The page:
Re: [TLS] Comments on TLS extension mechanism

David Hopwood <david.nospam.hopwood@blueyonder.co.uk> Sat, 24 June 2006 23:57 UTC

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Date: Sun, 25 Jun 2006 00:57:18 +0100
From: David Hopwood <david.nospam.hopwood@blueyonder.co.uk>
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Subject: Re: [TLS] Comments on TLS extension mechanism
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Kyle Hamilton wrote:
> Because, as I understand it, within every protocol (including IP)
> there has been a specific item dedicated to research.  There is
> certainly no current shortage of IDs... but there's also nothing in
> place to provide a mechanism when resource exhaustion occurs.

When and if 60000 IDs have been exhausted, I promise to revisit this
question.

(Note that this would require 13 times more RFCs describing TLS extension
mechanisms, assuming one RFC per extension, than the current total number
of published RFCs.)

> There's also nothing in place to keep experimental IDs from trampling
> on each other.

Assigning IDs for experiments has pros and cons. In general, for numbers
where there is no range allocated to experiments, there is an implied
obligation on the experimenter to make sure that an implementation that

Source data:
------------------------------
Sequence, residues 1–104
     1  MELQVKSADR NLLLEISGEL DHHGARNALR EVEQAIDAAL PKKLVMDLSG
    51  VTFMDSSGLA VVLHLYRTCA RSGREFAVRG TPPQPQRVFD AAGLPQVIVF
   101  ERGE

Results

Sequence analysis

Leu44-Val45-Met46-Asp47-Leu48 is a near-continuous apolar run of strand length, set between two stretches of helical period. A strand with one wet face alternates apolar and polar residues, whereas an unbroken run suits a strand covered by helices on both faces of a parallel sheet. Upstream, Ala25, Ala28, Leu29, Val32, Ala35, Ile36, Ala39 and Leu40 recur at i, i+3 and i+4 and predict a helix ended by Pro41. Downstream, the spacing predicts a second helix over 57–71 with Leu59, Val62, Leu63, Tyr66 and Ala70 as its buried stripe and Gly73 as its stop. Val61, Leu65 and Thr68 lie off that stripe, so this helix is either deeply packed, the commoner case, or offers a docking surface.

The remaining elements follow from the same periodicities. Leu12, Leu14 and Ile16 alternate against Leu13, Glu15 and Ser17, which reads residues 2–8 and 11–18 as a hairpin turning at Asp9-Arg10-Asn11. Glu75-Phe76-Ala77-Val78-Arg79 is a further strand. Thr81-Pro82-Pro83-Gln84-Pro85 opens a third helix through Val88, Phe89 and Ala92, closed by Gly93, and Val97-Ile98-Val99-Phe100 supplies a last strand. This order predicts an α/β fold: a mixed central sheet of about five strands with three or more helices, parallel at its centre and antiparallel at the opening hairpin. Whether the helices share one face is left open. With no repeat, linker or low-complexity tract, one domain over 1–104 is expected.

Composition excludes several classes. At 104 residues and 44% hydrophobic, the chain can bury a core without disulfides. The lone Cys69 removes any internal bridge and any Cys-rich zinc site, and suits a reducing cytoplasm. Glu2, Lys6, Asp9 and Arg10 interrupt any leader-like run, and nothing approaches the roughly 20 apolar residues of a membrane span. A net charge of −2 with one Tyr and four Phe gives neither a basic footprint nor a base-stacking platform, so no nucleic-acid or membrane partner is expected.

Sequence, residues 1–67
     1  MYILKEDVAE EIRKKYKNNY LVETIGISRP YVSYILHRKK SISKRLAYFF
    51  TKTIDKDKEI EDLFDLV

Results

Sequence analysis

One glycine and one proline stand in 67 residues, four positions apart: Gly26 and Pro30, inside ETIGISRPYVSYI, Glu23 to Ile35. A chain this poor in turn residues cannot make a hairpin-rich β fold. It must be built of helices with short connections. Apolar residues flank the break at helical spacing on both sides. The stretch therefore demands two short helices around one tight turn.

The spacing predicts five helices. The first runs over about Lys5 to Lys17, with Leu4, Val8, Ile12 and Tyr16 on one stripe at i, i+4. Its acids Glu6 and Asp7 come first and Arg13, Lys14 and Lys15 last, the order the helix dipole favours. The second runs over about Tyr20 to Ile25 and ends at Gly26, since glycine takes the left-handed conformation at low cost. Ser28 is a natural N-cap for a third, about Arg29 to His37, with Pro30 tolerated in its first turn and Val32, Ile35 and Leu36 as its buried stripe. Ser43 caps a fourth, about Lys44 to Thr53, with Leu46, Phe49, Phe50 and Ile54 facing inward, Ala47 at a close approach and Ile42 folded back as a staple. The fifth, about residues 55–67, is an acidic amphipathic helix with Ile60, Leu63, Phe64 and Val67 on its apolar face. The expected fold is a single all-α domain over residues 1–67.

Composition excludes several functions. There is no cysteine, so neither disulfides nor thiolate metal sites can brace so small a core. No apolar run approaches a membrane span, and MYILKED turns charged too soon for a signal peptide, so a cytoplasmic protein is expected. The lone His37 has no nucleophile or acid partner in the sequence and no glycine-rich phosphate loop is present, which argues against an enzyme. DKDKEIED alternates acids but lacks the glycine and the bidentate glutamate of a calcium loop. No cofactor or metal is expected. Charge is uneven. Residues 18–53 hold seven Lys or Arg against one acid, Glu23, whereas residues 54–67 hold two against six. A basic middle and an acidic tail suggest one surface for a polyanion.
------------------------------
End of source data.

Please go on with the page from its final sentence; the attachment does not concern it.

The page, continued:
supports the experiment is not used on a public network in such a way
that it could cause disruption to other network users.

In any case, the time to raise this issue would have been when RFC 4366
was being discussed. The next opportunity to change the policy is when
the extension mechanism is incorporated into TLS 1.2.

> (In this particular case, I'd like to inform the other end of
> what security policy this computer must implement, and determine if
> there is a compatible mapping before continuing the connection.  This
> determination is not something that any current protocol does, and I
> want to research the security issues with such an action as this
> before I make any kind of proposal about it.)
> 
> If you're worried about "increasing the complexity of the current
> parser", put a length integer just after the extension ID so the
> parser knows how much to skip if it doesn't understand the extension.

The issue is unnecessary complexity for implementations that do understand
the extension, not for implementations that do not understand it.

-- 
David Hopwood <david.nospam.hopwood@blueyonder.co.uk>;



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